A deficiency of clotting Factor VIII (8) is classified as Hemophilia A. It is a hereditary disorder in which the clotting ability of the blood is impaired and excessive bleeding results. Uncontrolled internal bleeding can result in pain, swelling, and permanent damage, especially to joints and muscles.
Severity of symptoms can vary, and severe forms usually become apparent early in life. Prolonged bleeding is the hallmark of hemophilia A and typically occurs when an infant is circumcised as hemophilia occurs primarily in boys. Additional bleeding manifestations make their appearance when the infant becomes mobile.
Mild cases may go unnoticed until later in life when there is excessive bleeding and clotting problems in response to dental procedures, surgery, or trauma.
Generally, the first bleeding episode occurs before 18 months of age, often after a minor injury. A child who has hemophilia bruises easily. Even an injection into a muscle can cause bleeding that result in a large bruise (hematoma). Recurring bleeding into the joints and muscles can ultimately lead to crippling deformities.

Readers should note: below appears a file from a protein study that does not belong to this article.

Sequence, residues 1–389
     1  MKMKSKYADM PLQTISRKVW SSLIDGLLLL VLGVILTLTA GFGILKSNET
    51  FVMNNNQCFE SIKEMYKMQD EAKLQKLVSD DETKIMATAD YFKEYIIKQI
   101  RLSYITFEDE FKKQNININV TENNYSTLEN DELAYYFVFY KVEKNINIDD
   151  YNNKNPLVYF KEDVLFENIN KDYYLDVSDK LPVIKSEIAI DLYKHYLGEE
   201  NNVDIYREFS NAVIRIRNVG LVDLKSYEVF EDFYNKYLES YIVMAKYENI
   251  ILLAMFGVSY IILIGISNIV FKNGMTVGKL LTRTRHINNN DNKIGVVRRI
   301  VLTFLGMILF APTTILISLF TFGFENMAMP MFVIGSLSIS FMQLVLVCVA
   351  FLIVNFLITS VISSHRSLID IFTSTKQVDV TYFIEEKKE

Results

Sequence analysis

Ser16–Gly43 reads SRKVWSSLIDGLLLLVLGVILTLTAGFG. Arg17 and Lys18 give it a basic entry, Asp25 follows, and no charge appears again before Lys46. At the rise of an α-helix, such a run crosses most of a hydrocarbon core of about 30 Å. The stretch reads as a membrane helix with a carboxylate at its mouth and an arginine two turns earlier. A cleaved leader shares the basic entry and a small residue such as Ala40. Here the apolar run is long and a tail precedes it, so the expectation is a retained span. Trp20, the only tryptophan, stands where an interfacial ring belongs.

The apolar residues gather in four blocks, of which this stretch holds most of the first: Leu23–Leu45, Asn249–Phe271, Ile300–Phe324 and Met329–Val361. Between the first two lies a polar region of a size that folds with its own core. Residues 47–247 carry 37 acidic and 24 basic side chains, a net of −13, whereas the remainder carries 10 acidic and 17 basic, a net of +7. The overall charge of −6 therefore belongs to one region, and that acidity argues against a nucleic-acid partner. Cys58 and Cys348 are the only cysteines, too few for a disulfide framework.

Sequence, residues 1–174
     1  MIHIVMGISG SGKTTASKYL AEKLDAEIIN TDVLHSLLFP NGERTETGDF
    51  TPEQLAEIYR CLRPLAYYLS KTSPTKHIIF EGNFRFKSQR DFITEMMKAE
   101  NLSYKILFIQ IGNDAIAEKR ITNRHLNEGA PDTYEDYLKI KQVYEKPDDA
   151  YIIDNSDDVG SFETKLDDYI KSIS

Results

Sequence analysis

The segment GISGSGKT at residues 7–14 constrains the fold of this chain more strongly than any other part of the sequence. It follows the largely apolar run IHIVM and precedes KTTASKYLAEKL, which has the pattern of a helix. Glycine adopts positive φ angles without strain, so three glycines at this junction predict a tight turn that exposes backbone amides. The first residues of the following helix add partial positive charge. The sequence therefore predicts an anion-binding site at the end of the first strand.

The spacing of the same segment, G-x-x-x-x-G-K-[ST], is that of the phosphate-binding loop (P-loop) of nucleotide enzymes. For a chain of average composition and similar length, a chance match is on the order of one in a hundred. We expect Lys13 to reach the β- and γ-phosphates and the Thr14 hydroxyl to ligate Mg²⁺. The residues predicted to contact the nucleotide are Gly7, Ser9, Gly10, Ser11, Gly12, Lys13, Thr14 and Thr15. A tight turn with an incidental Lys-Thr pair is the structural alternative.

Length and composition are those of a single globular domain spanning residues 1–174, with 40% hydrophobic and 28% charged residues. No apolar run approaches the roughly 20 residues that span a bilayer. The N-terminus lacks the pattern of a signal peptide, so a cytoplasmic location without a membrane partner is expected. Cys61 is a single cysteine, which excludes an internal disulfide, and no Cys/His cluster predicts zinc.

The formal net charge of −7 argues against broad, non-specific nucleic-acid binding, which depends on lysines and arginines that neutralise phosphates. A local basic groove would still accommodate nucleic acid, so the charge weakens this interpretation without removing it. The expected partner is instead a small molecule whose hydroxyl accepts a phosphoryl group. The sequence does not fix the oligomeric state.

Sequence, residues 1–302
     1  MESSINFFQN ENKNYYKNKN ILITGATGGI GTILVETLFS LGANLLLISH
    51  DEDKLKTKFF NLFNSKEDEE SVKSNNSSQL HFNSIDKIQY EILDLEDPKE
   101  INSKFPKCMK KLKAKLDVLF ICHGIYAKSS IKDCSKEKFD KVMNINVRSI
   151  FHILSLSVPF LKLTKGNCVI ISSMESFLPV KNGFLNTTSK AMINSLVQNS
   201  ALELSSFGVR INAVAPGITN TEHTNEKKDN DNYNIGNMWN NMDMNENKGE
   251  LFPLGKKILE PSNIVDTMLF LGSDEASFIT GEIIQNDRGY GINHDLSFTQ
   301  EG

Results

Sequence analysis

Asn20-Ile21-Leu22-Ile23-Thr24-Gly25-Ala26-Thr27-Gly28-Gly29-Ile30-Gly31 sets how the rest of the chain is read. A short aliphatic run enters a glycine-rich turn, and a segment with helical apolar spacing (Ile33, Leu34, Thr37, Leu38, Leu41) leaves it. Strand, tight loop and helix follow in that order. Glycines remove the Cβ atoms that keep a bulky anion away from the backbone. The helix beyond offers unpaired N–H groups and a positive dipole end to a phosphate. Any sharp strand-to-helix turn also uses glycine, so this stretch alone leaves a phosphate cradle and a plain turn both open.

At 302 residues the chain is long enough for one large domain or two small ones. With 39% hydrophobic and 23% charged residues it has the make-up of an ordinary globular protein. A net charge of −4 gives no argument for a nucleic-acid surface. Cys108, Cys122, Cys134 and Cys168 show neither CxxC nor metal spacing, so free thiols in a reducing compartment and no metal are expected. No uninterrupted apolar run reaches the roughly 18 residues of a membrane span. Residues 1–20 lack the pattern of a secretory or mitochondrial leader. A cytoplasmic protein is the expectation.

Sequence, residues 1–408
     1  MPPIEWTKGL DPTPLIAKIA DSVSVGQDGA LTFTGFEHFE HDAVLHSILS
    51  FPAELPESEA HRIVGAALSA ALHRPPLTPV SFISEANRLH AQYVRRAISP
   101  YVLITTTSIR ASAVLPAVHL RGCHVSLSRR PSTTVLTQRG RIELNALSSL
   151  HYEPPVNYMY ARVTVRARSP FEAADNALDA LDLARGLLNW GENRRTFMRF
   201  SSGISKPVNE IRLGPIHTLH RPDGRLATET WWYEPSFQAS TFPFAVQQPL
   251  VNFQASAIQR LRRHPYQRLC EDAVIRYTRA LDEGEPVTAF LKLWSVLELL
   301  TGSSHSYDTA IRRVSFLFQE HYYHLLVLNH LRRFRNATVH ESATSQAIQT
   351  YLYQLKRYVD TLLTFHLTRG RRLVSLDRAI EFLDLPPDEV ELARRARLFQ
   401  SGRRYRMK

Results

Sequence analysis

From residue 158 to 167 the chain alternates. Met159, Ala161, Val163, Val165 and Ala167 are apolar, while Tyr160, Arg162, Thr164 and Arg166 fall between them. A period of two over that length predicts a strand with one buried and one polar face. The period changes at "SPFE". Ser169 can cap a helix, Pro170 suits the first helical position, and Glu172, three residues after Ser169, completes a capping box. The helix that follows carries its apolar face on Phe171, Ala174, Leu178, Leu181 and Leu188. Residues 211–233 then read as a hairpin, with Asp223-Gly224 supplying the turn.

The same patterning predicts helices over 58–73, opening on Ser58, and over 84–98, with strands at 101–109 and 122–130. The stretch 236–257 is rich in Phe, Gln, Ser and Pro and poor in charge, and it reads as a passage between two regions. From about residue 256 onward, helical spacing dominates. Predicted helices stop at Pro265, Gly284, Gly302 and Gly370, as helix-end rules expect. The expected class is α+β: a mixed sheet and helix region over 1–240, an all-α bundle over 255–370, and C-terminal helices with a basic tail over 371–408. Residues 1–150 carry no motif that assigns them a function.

Internal bleeding may occur anywhere in the body. Bleeding into joints, however, is most common. The incidence of hemophilia A is 1 out of 10,000 live male births. About 17,000 Kenya have hemophilia. Women may have it, but it’s very rare. There is no cure for hemophilia. With proper treatment and specialized management, the outcome is good. Most men with hemophilia are able to lead successful and relatively normal lives.
Bleeding episodes can also be life threatening when it occurs in sensitive areas. Bleeding can swell the base of the tongue until it blocks the airway, making breathing difficult. A slight bump on the head can trigger substantial bleeding in the skull, causing brain damage and death. A doctor may suspect hemophilia in a child whose bleeding is unusual. A laboratory analysis of blood samples can determine whether the child’s clotting is abnormally slow. If it is, the doctor can confirm the diagnosis of hemophilia A and can determine the severity by testing the activity of factor VIII.